Coronavirus live blog, July 19, 2020: Illinois sees dip in COVID-19 cases Sunday after recent rise
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Illinois’ daily COVID-19 case count dips below 1,000 for first time in four days
Illinois saw its daily COVID-19 case count dip below 1,000 for the first time in four days on Sunday, marking the end of the longest stretch of four-digit daily caseloads since a peak month of May.
Health officials announced another 965 people tested positive for the coronavirus, bringing the state’s total to 161,575 cases, though the vast majority have since recovered with Illinois boasting a 95% recovery rate.
While the daily case count did decrease from the previous few days, the state also received nearly 14,000 fewer test results than the previous day.
The new cases were confirmed among the latest batch of 32,113 test results reported to the Illinois Department of Public Health, for a daily positivity rate of 3%. In each of the past three days, Illinois processed more than 40,000 tests, including a record-setting batch of 46,099 test results Saturday.
In total, Illinois has performed more than 2.24 million tests over the last four months.
5 p.m. ‘A dangerous environment’: As churches reopen, coronavirus outbreaks are sprouting and some are keeping doors shut
At a church in Sacramento, California, that has been closed for in-person services since March, congregants occasionally still stop by to pray outside and try to capture a sense of fellowship they dearly miss.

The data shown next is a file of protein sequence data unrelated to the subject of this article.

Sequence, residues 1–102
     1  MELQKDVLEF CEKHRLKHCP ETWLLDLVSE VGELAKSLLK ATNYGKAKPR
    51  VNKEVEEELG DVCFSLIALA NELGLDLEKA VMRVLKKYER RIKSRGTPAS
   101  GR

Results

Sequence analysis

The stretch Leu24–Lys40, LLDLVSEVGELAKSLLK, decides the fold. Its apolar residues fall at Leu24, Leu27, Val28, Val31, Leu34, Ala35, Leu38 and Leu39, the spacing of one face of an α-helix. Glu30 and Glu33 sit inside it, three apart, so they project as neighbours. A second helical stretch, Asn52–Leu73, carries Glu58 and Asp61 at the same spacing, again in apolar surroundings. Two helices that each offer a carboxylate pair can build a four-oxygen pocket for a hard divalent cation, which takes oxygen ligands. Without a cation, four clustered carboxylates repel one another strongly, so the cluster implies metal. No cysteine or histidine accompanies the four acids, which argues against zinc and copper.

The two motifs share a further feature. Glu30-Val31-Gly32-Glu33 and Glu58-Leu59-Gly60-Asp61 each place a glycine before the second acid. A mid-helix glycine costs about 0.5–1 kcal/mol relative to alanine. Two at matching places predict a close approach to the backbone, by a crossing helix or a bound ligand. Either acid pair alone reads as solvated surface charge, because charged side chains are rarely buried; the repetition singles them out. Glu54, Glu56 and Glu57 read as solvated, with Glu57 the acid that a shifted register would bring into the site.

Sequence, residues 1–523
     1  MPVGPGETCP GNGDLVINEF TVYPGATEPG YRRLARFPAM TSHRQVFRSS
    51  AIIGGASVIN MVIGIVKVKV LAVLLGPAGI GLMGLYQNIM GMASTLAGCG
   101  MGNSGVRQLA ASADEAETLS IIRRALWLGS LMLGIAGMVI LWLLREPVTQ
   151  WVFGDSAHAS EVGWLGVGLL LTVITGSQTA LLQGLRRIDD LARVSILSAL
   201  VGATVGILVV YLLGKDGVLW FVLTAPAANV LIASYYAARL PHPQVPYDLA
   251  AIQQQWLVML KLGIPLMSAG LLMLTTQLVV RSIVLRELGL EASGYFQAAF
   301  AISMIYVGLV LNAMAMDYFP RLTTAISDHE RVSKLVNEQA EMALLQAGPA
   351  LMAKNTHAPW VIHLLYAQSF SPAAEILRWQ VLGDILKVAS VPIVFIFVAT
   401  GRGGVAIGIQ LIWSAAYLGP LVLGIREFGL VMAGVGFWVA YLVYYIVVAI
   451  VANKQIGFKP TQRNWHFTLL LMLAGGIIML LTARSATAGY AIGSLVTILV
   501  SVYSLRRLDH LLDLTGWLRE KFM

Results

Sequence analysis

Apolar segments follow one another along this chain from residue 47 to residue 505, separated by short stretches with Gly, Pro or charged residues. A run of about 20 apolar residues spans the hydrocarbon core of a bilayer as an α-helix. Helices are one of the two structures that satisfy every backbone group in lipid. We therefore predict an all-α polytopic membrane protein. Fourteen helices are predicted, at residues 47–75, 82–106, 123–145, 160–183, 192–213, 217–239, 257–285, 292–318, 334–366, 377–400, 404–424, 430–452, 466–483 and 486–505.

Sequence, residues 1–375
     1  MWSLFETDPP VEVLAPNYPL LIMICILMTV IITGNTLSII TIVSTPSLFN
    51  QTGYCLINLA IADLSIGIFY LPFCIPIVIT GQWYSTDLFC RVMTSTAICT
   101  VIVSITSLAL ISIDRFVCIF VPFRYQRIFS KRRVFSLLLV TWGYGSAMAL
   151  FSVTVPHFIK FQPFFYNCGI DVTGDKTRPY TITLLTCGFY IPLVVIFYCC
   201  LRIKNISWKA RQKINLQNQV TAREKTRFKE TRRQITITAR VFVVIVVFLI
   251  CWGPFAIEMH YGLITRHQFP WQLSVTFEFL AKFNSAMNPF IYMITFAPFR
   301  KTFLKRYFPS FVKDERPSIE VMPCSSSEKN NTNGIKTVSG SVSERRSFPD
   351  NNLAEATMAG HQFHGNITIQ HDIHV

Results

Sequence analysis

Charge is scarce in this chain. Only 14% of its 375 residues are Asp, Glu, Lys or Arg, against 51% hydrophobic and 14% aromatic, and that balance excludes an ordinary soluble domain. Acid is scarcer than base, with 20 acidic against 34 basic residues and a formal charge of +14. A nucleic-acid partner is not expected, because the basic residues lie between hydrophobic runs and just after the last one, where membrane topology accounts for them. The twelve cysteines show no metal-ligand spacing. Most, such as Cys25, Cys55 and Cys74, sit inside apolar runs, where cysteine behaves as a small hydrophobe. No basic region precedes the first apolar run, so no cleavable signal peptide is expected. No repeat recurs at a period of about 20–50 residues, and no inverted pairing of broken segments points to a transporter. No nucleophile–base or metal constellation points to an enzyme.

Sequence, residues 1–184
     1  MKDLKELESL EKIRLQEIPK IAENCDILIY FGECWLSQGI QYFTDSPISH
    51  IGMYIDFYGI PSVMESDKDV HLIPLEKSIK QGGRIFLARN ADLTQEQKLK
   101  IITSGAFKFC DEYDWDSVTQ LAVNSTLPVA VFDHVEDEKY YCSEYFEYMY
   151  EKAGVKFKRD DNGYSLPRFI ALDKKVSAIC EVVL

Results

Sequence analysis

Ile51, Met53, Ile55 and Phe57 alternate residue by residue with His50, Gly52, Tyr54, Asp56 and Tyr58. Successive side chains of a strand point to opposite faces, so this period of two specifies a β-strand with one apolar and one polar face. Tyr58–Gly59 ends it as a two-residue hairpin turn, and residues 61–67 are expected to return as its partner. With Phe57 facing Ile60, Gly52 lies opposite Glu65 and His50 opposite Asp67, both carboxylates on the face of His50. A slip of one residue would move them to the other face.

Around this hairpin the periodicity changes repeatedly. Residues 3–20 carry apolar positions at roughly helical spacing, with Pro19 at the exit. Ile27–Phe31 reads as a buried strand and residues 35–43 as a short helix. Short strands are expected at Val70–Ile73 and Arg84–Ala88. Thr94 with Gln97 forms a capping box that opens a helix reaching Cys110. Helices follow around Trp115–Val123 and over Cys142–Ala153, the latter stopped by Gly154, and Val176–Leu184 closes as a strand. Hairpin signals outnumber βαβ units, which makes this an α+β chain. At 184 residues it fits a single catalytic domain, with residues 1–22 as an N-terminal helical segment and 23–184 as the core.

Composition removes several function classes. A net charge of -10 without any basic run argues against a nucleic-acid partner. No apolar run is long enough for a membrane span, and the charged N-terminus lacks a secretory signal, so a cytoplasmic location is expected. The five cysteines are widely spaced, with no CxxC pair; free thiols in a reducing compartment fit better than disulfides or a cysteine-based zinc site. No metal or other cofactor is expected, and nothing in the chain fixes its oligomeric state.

In Nashville, Tennessee, the pastor of an Anglican church has been handing out Communion in the parking lot for weeks.
South of Atlanta, the animated pastor of a 3,000-member congregation tries to summon every ounce of enthusiasm in his body to deliver a lively, music-filled service in front of a live audience of no one, hoping his message and spirit come through on various technology platforms.
None of those are ideal options, but they beat becoming the source of an outbreak of COVID-19.
Almost 40 places of worship and religious events have been linked to more than 650 U.S. cases of the coronavirus since the pandemic began, according to tracking by the New York Times. Along with the nationwide surge in infections that has followed the loosening of restrictions aimed at combating the virus, outbreaks connected to churches have sprouted at several spots.
1:51 p.m. How COVID-19 spread through one U.S. immigration facility
SAN DIEGO — Gregory Arnold walked into the warden’s office April 1 as the novel coronavirus ripped through one of the largest immigration detention centers in the United States. Waiting with about 40 guards to begin his shift, he heard a captain say face masks were prohibited.
Incredulous, he and a guard who recently gave birth wanted to hear it from the boss. Arnold told Warden Christopher LaRose that he was 60 years old and lived with an asthmatic son.
“Well, you can’t wear the mask because we don’t want to scare the employees and we don’t want to scare the inmates and detainees,” Arnold recalls the warden saying.